New CSPI review of veggieburgers finds that "meat-free" doesn't mean "taste-free"
Veggieburgers and their meatless sidekicks in the frozen-foods aisle have always been more healthful than the hamburgers, hotdogs, and bacon they stand in for. They haven’t always been as successful, though, in the flavor and texture departments. Now, according to an exhaustive review in the March issue of the Center for Science in the Public Interest’s (CSPI) Nutrition Action Healthletter, consumers have an unprecedented variety of delicious meat-free choices. Unlike even “lean” hamburgers, which can have six grams of saturated fat in a broiled quarter-pound serving, dozens of meat-free patties earned CSPI’s “Best Bite” ratings by serving up less than a gram of saturated fat and no more than 400 milligrams of sodium.
Some products, like Morningstar Farms Grillers and Flame Grilled Hamburger Style Gardenburgers, have the traditional hamburger taste down pat — yet come without the risk of contamination from meat-borne contaminants like E. ColiO157:H7. Others aren’t trying to imitate hamburgers, but have Thai-, Italian-, or Mexican-inspired flavors. Quaker Maid’s Vegelicious Santa Fe, Morningstar Farms Spicy Black Bean, and Dr. Praeger’s Tex Mex, Veggie Pizza, and Italian patties are among those that fit the bill.
“Thanks to many of these products, consumers don’t have to sacrifice taste or texture if they want to make a healthier choice,” CSPI nutrition director and co-author Bonnie Liebman said. “Plus, these meat-free burgers go as easy on the environment as they do on your arteries. Products made with real meat or poultry typically require more land, water, pesticides, and fertilizer — and result in more pollution.”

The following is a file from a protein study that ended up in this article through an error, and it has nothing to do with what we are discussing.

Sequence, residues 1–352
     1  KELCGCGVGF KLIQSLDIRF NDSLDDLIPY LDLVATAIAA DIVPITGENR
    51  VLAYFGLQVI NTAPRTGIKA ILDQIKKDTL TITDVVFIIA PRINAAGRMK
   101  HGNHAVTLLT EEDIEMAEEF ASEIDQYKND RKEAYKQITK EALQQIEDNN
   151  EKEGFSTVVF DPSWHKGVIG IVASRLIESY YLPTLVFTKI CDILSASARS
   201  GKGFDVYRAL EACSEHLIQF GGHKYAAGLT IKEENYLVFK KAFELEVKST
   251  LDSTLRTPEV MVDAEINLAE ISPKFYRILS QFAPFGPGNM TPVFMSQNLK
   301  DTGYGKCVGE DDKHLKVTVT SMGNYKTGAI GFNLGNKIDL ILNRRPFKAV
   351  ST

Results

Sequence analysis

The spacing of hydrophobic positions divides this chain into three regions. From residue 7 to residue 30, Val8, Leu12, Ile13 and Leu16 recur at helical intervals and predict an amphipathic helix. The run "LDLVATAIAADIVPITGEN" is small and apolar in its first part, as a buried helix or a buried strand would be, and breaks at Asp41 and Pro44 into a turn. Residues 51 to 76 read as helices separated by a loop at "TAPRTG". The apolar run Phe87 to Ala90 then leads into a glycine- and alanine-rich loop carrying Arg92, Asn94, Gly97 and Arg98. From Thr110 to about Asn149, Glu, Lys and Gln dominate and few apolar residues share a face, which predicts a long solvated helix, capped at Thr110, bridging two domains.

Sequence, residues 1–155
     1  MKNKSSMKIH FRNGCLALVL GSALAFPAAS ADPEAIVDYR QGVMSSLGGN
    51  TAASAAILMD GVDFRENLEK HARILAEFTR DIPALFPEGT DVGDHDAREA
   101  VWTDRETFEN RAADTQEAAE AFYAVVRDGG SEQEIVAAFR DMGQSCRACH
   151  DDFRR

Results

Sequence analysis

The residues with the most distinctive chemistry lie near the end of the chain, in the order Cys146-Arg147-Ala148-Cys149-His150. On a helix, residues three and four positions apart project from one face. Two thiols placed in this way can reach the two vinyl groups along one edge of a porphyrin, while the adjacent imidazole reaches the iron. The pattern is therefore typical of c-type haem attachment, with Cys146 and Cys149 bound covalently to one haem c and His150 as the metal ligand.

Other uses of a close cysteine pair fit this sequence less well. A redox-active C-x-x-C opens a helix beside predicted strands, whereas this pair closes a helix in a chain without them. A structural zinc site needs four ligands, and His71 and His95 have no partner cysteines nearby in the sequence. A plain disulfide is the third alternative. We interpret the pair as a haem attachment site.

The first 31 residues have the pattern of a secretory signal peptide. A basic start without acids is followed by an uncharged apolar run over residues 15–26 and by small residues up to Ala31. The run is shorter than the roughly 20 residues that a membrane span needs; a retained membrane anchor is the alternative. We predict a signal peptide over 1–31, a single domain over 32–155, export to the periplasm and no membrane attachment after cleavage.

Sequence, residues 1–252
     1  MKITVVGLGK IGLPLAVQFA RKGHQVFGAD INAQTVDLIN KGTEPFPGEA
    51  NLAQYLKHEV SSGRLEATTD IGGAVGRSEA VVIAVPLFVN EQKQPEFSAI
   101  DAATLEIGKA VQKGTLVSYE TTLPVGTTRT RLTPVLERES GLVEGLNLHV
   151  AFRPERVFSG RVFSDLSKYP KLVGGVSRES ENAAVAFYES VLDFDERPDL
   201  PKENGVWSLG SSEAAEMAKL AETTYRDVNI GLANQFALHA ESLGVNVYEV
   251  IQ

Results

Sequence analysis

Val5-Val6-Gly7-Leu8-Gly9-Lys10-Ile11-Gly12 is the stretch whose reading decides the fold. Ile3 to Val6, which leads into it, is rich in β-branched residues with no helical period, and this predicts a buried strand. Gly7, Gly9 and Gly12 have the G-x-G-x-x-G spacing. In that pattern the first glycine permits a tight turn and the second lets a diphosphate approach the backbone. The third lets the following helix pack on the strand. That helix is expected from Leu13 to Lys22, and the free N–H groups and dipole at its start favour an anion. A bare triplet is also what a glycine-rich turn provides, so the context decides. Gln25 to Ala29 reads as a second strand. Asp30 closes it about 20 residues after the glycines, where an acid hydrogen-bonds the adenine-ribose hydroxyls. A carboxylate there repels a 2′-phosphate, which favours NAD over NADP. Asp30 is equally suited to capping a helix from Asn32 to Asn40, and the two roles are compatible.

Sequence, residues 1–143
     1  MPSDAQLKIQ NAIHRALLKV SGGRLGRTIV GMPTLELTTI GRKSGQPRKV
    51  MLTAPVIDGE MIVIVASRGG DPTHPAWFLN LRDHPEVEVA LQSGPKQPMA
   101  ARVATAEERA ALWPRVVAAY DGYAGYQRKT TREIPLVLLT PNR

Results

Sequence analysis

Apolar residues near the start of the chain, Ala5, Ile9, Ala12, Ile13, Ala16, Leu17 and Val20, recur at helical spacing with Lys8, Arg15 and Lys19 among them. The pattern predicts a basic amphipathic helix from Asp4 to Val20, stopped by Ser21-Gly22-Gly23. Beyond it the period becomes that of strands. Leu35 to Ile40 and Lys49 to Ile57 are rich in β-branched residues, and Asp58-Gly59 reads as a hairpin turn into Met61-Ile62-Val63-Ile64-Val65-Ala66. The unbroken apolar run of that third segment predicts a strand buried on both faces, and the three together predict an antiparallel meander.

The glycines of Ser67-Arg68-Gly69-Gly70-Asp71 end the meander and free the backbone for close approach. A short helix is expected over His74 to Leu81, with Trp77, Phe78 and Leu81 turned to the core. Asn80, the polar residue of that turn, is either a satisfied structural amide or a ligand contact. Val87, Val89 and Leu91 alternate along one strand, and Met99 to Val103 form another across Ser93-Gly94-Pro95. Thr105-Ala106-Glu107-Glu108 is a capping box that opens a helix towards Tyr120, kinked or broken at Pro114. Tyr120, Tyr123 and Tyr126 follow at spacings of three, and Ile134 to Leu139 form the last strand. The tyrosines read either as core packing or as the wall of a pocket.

Even meatless ground beef, meatballs, sausages, and hot dogs — which have been harder to pull off successfully — have made strides in the taste department. Imitation ground beef performs the best when it is used in tacos or spaghetti sauce, but at least one brand, Morningstar Farms Grillers Crumbles, tastes fine even on its own. As for imitation bacon, Liebman and co-author Jayne Hurley diplomatically suggest it has yet to reach its full potential.
The market for imitation chicken and fish is less robust than for red meat. Breaded nuggets and patties are easy to find (and tasty), but few products succeed in matching the taste and texture of unbreaded chicken or fish.
One notable newcomer to health-food stores is the Quorn line of products, made with the mysterious ingredient “mycoprotein,” that morphs into both “chicken” and “ground beef.” Quorn’s labeling practices led CSPI to file a complaint with the Food and Drug Administration. (The label calls it “mushroom in origin” but it’s fermented from a non-mushroom fungus.) While Quorn’s labels are deceptive, it’s flavor and texture are fine, according to CSPI’s palates. Their verdict? Tastes just like chicken.
Read what CSPI has said since publication of this letter at www.quorncomplaints.com